Roll-to-roll application of photocatalytic TiO2 nanoparticles for printed functionality

J.J. Saarinen, D. Valtakari, R. Bollström, M. Stepien, J. Haapanen, J.M. Mäkelä, M. Toivakka
Abo Akademi University,
Finland

Keywords: R2R, TiO2, nanoparticles, photocatalysis, controlled wetting, O2 sensor

Summary:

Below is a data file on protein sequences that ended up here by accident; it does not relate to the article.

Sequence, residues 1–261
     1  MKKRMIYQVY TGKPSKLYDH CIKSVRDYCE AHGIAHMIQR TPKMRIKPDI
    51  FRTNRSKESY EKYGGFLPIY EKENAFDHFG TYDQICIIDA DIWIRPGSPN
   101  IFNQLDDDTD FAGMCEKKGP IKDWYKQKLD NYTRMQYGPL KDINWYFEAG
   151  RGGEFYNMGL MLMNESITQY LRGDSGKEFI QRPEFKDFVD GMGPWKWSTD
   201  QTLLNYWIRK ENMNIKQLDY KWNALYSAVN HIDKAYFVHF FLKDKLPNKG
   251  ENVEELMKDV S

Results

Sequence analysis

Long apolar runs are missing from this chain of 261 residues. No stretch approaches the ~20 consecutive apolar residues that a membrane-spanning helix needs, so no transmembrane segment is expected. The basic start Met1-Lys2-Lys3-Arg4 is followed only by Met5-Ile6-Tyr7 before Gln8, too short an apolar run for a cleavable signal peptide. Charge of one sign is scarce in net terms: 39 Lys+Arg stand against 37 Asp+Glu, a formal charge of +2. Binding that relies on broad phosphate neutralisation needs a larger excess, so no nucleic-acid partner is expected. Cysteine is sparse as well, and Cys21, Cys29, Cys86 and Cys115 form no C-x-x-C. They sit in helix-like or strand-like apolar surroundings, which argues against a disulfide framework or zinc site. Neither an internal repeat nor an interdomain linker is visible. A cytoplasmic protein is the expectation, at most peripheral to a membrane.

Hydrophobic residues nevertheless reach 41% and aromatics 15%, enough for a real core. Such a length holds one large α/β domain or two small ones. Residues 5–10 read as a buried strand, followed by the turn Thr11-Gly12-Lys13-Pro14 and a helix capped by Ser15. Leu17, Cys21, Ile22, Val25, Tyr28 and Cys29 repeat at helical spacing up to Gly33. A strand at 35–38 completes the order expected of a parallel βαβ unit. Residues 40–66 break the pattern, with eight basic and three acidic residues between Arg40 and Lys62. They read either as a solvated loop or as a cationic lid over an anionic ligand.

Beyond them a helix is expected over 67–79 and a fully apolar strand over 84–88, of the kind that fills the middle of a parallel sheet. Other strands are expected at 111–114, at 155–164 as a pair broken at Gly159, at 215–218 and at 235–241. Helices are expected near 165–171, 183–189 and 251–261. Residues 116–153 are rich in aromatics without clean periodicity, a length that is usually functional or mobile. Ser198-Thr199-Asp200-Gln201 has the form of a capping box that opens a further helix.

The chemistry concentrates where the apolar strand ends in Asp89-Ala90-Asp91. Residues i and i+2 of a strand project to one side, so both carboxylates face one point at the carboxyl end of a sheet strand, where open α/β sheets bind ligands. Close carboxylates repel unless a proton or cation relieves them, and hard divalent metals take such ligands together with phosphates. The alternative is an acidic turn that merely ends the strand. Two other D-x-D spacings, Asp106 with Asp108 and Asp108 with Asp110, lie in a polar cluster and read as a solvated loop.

We present here ultraviolet A (UVA) light controlled photocatalytic activity of roll-to-roll (R2R) deposited TiO2 nanoparticles on paper, board, and plastic films both for controlled wetting and oxygen sensors for modified atmosphere packages (MAPs). It is well-known that a semiconductor TiO2 is photocatalytically active with anatase crystalline form having bandgap energy of 3.2 eV corresponding to a photon wavelength of 388 nm. Such photocatalytically active TiO2 nanoparticles and thin films have received much attention due to numerous industrial applications ranging from self-cleaning and antibacterial to anti-reflecting and anti-fogging properties. We use a liquid flame spray (LFS) process for large-area, R2R TiO2 nanoparticle deposition on natural fibre based substrates. LFS is a versatile process suitable for formation of various metal and metal oxide nanoparticles that can be deposited on various substrates such as glass and paper. In LFS process a liquid metal salt precursor dissolved in water or alcohol is fed into a high temperature and velocity flame in which the precursor evaporates and nucleates forming nanoparticles. The formed nanoparticle diameter can be controlled from 2 to 200 nm via the process parameters. In LFS the generated nanoparticles can be collected on a moving web, which allows large areas to be coated via roll-to-roll process flow. It was observed that superhydrophobic TiO2 surfaces with water CA of 161° are changed to hydrophilic with water CA of 6° by the UVA light. Full hydrophobicity recovery is achieved by placing the sample into oven for 3 min. The changes in the nanoscale surface chemistry correlate well with wetting as verified by XPS and ToF-SIMS measurements. We also demonstrate here an oxygen indicator based on a methylene blue (MB) indicator ink used with TiO2 nanoparticles. Colorimetric oxygen sensors are based on reversible redox reaction of a dye that results in a change in the light absorption, and thus color. Such colorimetry-based inks can be used to improve food safety and to reduce the amount of wasted food by introducing cost-effective oxygen sensors into MAPs. A reverse gravure coated thin film of MB/TiO2 indicator ink was deposited on a plastic film. We have used UVA light activation with a photomask to generate patterned oxygen indicator films such as 1D and 2D barcodes, and such patterned sensors prevent misinterpretation by unwanted photobleaching during the package storage. First, no oxygen leak has taken place if the pattern is clearly visible. Secondly, there has been an oxygen leak if the whole indicator pattern is faded away to blue i.e. to oxidized, blue state MB. An additional advantage with the patterning approach is that a high image resolution of oxygen indicator films can be achieved with ease. As a conclusion we have studied the photocatalytic activity of TiO2 nanoparticles coated on a paperboard or on a plastic film. We believe that photocatalytically active surfaces with tailorable properties will find many applications in the near future e.g. with printed functional devices.